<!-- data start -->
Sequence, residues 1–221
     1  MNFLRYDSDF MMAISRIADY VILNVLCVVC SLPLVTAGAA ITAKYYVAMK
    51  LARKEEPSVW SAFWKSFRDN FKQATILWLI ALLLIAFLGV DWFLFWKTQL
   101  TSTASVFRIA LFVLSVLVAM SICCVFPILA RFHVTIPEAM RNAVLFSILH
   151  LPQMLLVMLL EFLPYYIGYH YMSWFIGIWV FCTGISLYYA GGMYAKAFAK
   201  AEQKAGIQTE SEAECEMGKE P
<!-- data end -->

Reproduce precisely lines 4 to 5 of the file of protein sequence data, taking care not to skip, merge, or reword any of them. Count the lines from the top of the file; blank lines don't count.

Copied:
   101  TSTASVFRIA LFVLSVLVAM SICCVFPILA RFHVTIPEAM RNAVLFSILH
   151  LPQMLLVMLL EFLPYYIGYH YMSWFIGIWV FCTGISLYYA GGMYAKAFAK